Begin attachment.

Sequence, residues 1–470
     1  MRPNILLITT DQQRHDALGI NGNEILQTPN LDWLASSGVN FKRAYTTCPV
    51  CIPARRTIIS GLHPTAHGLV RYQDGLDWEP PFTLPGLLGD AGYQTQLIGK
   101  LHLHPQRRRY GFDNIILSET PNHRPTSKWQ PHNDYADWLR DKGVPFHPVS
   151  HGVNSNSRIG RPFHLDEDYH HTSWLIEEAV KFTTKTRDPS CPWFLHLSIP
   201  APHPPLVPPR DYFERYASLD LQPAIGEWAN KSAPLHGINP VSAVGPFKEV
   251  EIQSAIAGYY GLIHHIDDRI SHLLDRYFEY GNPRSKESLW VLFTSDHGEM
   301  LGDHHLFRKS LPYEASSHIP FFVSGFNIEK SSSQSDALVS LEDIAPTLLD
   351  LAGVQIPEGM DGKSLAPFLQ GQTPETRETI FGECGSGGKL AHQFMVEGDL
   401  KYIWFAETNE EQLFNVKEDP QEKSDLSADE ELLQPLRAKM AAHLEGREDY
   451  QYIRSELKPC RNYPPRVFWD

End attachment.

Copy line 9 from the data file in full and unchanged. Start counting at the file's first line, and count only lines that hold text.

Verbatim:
   351  LAGVQIPEGM DGKSLAPFLQ GQTPETRETI FGECGSGGKL AHQFMVEGDL